Wednesday, January 16, 2013

Cloud Computing Dangers: Pointing the Finger

This posting is Part 4 of the Case Study in Cloud Computing Dangers.

All businesses face significant IT challenges but they are far more insurmountable for small businesses with limited resources with which to tackle them. Cloud computing in any form, be it Infrastructure-as-a-Service (IaaS), Platform-as-a-Service (PaaS), Software-as-a-Service (SaaS), or WhateverYouImagine-as-a-Service (WYIaaS), promises to level the playing field by providing small businesses a level of enterprise support that they couldn't possible retain individually, all at a "low" regular subscription fee (at least lower than the alternative CapEx/OpEx values). With the level of support that a small business receives from a large organization such as Microsoft, the business should reasonably expect to have a much more available and resilient resource than it could expect of itself. Most business executives can easily see the benefits and are generally eager to sign up.

As someone who has run an IT operations group, I can tell you that IT people immediately blame the user when the user reports a problem. Perhaps its driven by pride in the environment that they maintain or by some sense of self preservation. For whatever reason, the user is wrong until proven right. You can see the results of this in large business help desks that immediately try to pass you off to an online "knowledge base" or threaten you by offering to "take away your computer" to examine the problem deeper. If the problem is an outlier, then it is more likely related to the user than to the system or application. That culture of denial is enhanced in a cloud environment where the service provider knows how to run the system much better than any individual user, so if it doesn't detect a problem, then there is no problem.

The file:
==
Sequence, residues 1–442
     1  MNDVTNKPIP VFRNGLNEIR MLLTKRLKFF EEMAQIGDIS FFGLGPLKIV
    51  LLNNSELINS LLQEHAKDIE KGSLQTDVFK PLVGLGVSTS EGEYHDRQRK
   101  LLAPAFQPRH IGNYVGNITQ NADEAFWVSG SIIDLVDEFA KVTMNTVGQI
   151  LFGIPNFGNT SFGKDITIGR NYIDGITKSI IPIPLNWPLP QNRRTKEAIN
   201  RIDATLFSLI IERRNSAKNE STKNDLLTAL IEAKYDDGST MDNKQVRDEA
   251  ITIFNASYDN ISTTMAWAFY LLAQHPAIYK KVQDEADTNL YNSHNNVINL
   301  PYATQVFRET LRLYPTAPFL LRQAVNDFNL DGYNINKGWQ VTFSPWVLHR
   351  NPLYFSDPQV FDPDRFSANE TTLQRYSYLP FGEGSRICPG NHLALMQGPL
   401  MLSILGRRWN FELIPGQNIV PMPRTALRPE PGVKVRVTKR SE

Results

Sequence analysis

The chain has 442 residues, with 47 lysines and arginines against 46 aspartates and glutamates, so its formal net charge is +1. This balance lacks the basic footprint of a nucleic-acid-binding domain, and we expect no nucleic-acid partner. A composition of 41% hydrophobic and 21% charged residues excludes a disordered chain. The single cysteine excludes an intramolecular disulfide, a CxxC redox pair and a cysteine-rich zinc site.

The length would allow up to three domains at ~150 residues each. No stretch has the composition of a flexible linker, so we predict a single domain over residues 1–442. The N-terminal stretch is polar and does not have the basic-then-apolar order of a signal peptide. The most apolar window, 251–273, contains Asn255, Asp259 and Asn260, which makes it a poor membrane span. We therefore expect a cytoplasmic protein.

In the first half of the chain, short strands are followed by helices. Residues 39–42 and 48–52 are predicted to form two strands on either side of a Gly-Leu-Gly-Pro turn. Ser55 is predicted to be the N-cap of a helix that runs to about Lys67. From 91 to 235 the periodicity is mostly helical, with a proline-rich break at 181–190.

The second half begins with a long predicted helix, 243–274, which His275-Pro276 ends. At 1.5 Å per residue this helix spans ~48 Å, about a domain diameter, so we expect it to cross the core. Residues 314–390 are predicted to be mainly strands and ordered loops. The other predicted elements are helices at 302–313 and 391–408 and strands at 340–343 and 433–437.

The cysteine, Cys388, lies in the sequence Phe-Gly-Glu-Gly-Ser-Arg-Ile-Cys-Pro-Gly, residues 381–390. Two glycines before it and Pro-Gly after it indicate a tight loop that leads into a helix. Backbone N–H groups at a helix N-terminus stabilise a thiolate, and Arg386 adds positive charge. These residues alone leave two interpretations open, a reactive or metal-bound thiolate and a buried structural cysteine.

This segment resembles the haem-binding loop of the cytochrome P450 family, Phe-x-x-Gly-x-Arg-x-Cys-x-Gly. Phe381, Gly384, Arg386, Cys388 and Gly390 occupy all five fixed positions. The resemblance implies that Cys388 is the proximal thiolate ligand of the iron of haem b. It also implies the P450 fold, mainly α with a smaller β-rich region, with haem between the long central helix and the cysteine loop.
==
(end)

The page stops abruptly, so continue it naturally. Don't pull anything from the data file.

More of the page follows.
But, what happens when a small business user does detect a problem? In relation to a popular cloud service like Office 365, the small business user amounts to little more than a gnat to customer support; merely a minor annoyance to dispatch as quickly as possible. At best, since the services to which they subscribe are so complex, customer support will find some easy but unrelated problem to fix, tell the user that the problem has been corrected, and then request that they wait an hour or so for the fix to take hold. They then close the ticket and pretend that you never came, frequently ignoring any follow-up questions or requests. At worst, small business users are only able to submit help requests through an online forum and threatened to be charged a premium cost to request assistance by phone.